[private] In case you missed the first two parts of this series, here is a brief recap. A study published in February in the British medical journal Lancet suggested 1.2 million people may have died from malaria in 2010 – nearly double the 655,000 deaths from the disease previously reported by the World Health Organization (WHO). These figures are absolutely staggering. Between 1992 and 2005, I contracted malaria at least a dozen times. Not until recently have I started to enjoy some success in my personal battle with malaria.
WHO and the United Nations have targeted malaria for eradication worldwide by 2015. There appears to be a strong scientific consensus that since 2004, malaria deaths worldwide have been trending downward. However, Richard Cibulskis, a WHO malaria expert, said that although malaria deaths have been dropping, the global financial crisis could jeopardize that success.
“If we take our foot off the accelerator,” Cibulskis said, “malaria could come roaring back.”
The worldwide cost of the battle against malaria is estimated at about $12 billion a year. Last year, the global fund to fight Aids, Tuberculosis and Malaria – which pays for about two-thirds of the world’s malaria programs -announced it had run out of money for future grants.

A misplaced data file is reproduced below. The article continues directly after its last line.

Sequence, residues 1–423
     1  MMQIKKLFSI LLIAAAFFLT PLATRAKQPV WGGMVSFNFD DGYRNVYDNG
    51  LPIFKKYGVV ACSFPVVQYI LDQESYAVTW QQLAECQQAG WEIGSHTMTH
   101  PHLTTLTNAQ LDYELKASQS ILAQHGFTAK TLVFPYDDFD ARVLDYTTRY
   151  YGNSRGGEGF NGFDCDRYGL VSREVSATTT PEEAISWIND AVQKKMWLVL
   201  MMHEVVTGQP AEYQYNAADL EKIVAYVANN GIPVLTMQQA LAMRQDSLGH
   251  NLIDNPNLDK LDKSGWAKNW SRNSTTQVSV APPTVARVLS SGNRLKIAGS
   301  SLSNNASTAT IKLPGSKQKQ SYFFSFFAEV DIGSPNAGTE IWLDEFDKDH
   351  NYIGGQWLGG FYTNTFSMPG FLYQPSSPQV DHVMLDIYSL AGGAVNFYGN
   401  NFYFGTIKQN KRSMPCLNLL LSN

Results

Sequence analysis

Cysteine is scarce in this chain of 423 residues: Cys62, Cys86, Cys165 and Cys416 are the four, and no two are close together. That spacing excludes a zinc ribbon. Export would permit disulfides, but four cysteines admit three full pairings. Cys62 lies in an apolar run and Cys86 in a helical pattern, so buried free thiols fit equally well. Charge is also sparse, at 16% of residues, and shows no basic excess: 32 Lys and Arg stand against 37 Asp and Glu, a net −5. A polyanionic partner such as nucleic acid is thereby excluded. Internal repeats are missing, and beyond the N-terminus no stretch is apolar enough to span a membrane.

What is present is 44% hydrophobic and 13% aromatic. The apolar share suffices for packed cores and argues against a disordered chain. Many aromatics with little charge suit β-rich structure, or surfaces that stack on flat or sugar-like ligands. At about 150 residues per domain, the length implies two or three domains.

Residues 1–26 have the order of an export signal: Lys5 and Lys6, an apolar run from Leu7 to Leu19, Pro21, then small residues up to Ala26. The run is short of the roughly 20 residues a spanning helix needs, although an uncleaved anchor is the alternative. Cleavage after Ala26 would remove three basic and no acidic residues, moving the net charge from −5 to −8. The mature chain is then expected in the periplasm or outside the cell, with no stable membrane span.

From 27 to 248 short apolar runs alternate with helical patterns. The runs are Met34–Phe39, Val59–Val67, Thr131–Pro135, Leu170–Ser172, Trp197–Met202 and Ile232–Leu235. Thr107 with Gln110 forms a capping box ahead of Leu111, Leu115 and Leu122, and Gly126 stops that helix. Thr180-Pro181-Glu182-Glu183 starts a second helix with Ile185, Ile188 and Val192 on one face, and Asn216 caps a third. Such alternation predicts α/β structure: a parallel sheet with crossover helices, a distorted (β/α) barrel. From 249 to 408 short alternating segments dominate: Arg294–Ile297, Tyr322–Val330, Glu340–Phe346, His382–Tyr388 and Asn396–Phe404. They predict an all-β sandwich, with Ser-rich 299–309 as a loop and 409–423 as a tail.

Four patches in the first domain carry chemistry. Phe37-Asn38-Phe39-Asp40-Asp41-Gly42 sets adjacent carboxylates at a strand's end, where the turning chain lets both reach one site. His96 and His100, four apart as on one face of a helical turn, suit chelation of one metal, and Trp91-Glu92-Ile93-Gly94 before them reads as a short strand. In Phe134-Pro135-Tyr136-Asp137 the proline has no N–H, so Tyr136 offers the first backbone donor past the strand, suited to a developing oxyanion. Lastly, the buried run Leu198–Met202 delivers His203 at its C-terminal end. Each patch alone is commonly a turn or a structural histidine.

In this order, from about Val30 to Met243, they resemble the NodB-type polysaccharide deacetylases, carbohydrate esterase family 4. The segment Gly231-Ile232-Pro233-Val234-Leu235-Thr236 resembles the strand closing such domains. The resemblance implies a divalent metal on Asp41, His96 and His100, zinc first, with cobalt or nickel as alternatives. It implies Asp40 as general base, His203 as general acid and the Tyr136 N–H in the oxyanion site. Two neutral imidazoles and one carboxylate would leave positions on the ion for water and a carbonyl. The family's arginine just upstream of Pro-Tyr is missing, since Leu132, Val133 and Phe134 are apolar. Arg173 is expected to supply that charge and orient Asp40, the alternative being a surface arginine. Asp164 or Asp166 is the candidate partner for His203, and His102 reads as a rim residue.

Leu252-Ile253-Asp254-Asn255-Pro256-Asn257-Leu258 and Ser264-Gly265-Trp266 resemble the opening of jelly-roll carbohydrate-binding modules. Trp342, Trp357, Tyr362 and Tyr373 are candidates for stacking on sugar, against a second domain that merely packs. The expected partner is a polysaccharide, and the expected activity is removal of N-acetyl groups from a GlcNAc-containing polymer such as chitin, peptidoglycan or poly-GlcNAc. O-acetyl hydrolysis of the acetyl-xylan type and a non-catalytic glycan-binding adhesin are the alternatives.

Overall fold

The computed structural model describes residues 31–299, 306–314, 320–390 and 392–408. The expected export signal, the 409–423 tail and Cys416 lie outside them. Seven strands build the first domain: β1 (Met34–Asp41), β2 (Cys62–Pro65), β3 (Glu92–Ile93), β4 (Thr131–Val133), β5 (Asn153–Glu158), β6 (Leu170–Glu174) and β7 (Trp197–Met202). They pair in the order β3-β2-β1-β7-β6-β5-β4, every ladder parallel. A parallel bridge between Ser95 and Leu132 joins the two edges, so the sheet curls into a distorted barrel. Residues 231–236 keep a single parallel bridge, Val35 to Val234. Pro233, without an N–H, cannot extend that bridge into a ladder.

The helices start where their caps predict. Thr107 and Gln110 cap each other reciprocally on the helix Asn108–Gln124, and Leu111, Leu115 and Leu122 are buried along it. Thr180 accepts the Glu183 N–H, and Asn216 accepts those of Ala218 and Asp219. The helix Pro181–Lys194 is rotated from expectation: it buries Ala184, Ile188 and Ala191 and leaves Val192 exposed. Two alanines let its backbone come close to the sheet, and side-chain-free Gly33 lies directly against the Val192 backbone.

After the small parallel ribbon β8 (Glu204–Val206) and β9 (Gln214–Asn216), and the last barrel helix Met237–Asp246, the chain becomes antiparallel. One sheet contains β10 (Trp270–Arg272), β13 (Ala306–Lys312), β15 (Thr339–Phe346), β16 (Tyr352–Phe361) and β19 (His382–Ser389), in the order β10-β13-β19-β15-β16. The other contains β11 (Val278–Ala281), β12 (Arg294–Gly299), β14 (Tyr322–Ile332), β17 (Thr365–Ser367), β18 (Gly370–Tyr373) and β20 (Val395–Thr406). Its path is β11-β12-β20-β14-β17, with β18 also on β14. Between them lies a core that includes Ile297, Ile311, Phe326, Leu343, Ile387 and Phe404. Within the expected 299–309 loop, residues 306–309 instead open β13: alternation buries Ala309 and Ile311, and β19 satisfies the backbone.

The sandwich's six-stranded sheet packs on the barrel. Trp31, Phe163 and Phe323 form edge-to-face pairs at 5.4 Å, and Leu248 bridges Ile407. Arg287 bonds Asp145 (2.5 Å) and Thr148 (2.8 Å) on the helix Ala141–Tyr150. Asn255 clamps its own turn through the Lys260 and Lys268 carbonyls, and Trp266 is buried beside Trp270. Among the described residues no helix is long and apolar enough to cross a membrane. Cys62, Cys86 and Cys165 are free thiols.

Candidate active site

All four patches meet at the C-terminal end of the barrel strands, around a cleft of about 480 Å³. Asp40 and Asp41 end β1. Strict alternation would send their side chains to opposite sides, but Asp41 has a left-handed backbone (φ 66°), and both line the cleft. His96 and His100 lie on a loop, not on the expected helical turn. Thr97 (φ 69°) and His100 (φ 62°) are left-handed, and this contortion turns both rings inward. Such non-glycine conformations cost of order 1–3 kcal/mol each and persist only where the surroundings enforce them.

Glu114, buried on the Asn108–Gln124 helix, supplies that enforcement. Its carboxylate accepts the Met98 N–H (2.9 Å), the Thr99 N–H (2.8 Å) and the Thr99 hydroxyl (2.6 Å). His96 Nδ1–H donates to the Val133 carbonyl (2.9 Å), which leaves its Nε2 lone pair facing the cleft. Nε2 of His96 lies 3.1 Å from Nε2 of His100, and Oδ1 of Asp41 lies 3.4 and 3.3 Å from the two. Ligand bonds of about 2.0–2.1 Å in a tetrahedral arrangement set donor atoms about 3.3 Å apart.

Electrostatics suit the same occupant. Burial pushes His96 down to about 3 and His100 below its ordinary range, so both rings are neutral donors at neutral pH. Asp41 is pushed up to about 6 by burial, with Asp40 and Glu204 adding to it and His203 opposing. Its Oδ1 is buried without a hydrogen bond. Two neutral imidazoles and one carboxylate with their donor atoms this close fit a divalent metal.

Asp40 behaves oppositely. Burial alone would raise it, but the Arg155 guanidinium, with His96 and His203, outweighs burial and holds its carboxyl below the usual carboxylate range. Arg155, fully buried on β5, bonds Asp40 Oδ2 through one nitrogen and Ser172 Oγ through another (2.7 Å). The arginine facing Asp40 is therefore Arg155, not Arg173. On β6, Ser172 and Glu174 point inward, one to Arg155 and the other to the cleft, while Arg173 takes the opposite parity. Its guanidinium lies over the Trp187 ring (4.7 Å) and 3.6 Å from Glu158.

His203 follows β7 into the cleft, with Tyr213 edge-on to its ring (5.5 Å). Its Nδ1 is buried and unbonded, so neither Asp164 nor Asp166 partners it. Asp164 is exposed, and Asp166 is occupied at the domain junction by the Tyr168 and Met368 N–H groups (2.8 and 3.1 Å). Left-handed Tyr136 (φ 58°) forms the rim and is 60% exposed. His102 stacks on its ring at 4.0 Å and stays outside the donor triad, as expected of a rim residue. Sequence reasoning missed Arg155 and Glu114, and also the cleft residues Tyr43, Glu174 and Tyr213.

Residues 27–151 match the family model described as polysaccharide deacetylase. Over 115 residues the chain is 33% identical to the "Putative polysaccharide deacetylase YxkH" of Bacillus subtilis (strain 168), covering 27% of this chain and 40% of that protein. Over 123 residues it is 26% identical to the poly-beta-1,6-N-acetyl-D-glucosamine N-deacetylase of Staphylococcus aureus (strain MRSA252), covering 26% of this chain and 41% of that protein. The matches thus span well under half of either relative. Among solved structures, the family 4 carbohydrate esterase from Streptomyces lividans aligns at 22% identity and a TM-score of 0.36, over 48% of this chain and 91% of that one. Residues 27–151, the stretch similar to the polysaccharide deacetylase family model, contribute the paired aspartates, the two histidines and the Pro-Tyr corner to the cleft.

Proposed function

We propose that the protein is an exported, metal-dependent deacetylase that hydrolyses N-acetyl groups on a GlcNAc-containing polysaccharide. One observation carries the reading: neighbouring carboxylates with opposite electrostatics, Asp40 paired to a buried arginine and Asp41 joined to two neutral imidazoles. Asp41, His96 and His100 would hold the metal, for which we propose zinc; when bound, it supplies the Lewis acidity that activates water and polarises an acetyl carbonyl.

Stephen Lim and his colleagues at the Institute for Health Metrics and Evaluation at the University of Washington projected annual malaria deaths wouldn’t fall below 100,000 until after 2020. That would imply the UN goal of reducing malaria deaths to near zero by 2015 may be impossible, certainly tricky at best.
“Based on what we are seeing, there may be a need to rethink the timeline for malaria elimination,” said Lim. “Adding a few more decades might be necessary.”
Malaria has been around for centuries and has probably claimed more lives than any other disease. Nonetheless, until recently, it flew largely below the radar; but no longer. WHO has targeted it for elimination, and there has been some success in reducing malaria deaths since 2004.
But malaria remains a force to be reckoned with, and it would appear it will be around for some time to come.
The 16th Century French writer and physician Francois Rabelais wrote: “Time ripens all things; with time all things are revealed. Time is the father of truth.”
In the meantime, the worldwide malaria phenomenon remains just that – a phenomenon. [/private]